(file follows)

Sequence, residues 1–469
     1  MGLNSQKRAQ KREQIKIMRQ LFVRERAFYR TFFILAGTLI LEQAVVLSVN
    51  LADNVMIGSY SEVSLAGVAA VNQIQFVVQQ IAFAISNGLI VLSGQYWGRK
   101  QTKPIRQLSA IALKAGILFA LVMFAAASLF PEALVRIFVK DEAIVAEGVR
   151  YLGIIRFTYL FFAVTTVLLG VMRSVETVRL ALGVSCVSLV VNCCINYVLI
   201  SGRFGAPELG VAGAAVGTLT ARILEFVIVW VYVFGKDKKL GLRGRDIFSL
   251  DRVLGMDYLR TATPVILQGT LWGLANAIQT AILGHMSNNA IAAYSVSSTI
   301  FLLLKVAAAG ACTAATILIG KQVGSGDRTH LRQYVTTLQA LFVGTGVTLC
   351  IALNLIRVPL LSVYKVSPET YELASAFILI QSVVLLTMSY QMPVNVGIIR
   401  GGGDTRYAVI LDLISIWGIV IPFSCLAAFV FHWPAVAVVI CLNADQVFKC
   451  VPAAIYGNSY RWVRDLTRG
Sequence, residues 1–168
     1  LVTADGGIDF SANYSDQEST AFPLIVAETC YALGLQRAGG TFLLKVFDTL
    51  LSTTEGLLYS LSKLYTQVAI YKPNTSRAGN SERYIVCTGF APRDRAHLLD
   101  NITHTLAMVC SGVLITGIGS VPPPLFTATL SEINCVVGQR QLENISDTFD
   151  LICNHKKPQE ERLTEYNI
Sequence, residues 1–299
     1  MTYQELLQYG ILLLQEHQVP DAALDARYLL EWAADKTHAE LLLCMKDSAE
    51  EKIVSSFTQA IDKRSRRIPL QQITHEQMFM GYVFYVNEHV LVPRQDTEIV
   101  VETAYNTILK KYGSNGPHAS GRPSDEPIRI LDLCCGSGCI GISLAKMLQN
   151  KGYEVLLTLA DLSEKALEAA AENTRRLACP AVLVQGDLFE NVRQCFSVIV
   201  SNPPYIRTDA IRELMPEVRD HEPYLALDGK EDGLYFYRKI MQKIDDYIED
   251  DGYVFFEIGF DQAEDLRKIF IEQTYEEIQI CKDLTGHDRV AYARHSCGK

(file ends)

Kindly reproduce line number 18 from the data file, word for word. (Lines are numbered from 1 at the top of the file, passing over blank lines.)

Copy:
     1  MTYQELLQYG ILLLQEHQVP DAALDARYLL EWAADKTHAE LLLCMKDSAE